The iconic Yellowstone grizzly bear is charging back into the news — and the halls of Congress.
On April 17, a backcountry guide fishing north of West Yellowstone National Park died after being attacked by an old boar grizzly protecting a cached moose carcass. Charles “Carl” Mock is the eighth person to have been killed by grizzlies in the region since 2010.
Questions over the bears’ Endangered Species Act protections, which prevent state agencies from managing growing bear populations, were brought up earlier this year during the confirmation hearing of new Interior Secretary Debra Haaland, a former congresswoman from New Mexico. In 2019, Haaland co-sponsored the Tribal Heritage and Grizzly Bear Protection Act to permanently protect grizzly bears on ecological and cultural grounds. It also stipulated, among many provisions, the banning of “trophy hunting and non-discriminatory predator control measures that may result in taking of grizzly bears on public lands.”
During Haaland’s Senate confirmation hearing, Sen. Steve Daines, R-Mont., pressed her about these past positions.
“I’m not saying that [grizzly management] shouldn’t be returned back to the states,” Haaland responded. “I would be happy to take a look at the issue, Senator.”
However that shakes out, the Yellowstone grizzly will likely make big news this year. Here’s what you need to know.
The History of the GYE Bears
The grizzly bear population in question is termed the Greater Yellowstone Ecosystem Bear Population, or GYE bears. They span a 25,000-square-mile range about the size of Vermont, New Hampshire, and Massachusetts combined. It stretches through Wyoming, Montana, and Idaho, with the national park at its core.
At their historical high point, these lower-48 grizzly bears once boasted a population of 50,000 that stretched from Missouri to California, Mexico to Alaska. Because of unregulated market hunting and habitat loss through the settling of the West, the bears nearly went extinct before the Endangered Species Act protections kicked in, in the early 1970s.
On July 28, 1975, grizzlies in the lower 48 were listed as “threatened” when numbers dropped to just 136 individuals. The rule made it “unlawful to kill, capture, harm, harass, import, or export a grizzly bear anywhere in the lower 48 states, or to sell any parts or products of grizzlies in interstate or foreign commerce.”
Out of urgency to protect the apex predator, the Interagency Grizzly Bear Committee was formed in 1983 to recover grizzly bear populations and restore their habitats in the West. The agencies composing the committee include the US Forest Service (USFS), the National Park Service (NPS), the US Fish and Wildlife Service (USFWS), the Bureau of Land Management (BLM), the US Geological Survey (USGS), and state wildlife agency representatives from Idaho, Montana, Washington, and Wyoming. The committee’s chief responsibilities include studying and monitoring grizzly bear populations along with developing and implementing recovery plans. It monitors six separate lower-48 grizzly populations, including the GYE bears.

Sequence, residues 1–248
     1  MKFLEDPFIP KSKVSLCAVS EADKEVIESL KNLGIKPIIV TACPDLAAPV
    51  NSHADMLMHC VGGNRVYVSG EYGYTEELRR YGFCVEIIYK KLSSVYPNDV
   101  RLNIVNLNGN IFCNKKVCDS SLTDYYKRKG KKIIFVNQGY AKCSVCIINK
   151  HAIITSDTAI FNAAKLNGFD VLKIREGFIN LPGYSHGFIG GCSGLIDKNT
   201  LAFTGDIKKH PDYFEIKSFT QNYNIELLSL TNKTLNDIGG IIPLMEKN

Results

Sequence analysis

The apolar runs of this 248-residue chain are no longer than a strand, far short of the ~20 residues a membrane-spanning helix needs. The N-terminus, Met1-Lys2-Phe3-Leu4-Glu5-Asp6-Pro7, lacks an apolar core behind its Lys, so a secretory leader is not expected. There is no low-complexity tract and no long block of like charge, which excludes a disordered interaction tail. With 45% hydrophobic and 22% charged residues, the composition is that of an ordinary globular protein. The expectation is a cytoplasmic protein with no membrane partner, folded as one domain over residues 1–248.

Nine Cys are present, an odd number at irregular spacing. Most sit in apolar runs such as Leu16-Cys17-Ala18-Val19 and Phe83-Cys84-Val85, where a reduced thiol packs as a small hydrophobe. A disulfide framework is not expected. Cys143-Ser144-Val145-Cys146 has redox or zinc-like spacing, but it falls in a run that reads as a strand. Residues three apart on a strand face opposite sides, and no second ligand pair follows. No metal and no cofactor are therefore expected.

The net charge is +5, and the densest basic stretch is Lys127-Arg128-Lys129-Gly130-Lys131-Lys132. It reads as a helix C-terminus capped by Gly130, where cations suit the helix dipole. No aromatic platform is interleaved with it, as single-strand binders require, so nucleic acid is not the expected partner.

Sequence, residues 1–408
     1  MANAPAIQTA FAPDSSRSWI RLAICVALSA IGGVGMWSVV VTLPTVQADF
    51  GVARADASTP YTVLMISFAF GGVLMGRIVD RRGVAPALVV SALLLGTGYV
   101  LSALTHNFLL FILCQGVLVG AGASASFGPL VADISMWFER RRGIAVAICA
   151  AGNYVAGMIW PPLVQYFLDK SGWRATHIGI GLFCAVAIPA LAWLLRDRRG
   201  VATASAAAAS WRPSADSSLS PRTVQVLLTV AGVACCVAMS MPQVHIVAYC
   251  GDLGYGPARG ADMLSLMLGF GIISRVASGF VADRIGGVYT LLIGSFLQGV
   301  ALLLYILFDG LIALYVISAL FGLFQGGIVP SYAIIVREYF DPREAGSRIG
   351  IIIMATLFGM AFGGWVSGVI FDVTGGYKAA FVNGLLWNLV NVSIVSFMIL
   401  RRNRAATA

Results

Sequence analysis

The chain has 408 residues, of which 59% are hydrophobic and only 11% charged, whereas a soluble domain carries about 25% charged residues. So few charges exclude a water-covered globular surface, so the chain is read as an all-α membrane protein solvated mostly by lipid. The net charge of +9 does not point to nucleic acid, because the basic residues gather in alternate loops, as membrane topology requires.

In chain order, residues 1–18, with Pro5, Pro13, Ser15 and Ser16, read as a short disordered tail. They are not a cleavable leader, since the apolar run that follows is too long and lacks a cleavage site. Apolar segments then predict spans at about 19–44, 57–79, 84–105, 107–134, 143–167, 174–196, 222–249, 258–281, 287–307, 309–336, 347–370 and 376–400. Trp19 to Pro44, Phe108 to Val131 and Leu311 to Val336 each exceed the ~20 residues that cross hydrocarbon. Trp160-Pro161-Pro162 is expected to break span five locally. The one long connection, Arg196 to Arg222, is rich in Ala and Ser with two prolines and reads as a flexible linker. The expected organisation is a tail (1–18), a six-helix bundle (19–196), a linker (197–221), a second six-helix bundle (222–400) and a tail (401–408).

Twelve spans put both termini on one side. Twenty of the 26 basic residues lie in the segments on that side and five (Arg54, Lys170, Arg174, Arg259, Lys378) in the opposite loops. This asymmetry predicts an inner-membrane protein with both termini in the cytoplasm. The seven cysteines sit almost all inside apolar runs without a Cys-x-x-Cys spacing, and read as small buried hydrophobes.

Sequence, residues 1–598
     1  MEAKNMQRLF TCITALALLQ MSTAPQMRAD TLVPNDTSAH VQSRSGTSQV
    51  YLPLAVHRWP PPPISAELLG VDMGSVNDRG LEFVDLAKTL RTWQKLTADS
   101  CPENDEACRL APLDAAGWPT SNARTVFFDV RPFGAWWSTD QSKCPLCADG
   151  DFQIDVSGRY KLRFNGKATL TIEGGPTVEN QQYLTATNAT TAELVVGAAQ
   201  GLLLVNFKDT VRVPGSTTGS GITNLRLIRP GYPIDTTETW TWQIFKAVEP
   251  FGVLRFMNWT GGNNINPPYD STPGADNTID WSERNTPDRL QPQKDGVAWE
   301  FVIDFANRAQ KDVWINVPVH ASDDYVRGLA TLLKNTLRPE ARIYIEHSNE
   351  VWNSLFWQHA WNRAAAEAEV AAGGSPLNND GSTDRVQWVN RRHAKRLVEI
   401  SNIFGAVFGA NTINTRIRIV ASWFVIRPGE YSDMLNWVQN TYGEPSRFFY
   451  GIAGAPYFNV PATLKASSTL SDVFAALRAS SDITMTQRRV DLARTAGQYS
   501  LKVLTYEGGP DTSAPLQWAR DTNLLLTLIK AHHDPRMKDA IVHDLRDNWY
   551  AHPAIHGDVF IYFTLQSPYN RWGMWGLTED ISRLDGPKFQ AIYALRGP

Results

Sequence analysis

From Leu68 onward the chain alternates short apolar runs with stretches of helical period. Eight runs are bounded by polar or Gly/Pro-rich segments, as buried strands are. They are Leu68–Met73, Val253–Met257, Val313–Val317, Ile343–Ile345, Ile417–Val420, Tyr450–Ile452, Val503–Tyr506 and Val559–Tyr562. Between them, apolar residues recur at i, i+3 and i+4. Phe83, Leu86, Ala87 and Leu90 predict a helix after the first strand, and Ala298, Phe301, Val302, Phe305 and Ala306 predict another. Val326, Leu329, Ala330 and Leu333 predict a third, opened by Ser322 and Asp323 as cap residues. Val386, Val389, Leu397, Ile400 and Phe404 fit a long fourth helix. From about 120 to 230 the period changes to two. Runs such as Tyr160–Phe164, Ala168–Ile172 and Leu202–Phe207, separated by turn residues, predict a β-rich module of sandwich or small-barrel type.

In 1993, an update to the seminal 1982 recovery plan was published and boasted delisting criteria: a minimum population of 500 individuals and “at least 48 females with cubs-of-the-year” across three consecutive years.
In November 2005, USFWS proposed delisting the species for the first time because the population had hit 600 individuals. By March 2007, the agency declared the species a “distinct population segment” to differentiate it from the five other grizzly-population groups in the lower 48. This determination was challenged in federal court, and by 2009, ESA listing protections were restored to the GYE grizzlies. But the fight wasn’t over.
Delisting came up again in June 2017, when then-Interior Secretary Ryan Zinke announced the GYE bear population had reached 700 individuals and met the criteria for full delisting. The former US Fish and Wildlife Service director under President Barack Obama, Dan Ashe, voiced support for grizzly bear delisting in March 2016.
“The recovery of the Yellowstone grizzly bear represents a historic success for partnership-driven wildlife conservation under the Endangered Species Act,” Ashe said. “The final post-delisting management plans by these partners will ensure healthy grizzly populations persist across the Yellowstone ecosystem long into the future.”
Delisting would place management of the bears in state hands. Under the North American Model of Wildlife Conservation, state agencies manage wildlife populations for the benefit of the people. That would mean Wyoming, Montana, and Idaho game agencies would need to develop and maintain a bear plan to keep grizzly numbers in line with scientifically determined healthy population figures. One key part of state-managed populations is hunting — a necessary management tool, according to nearly all state, federal, and academic wildlife biologists. But the very idea of hunting these iconic bears is abhorrent to some; hence, the perpetual legal challenges despite the clearly recovered bear numbers.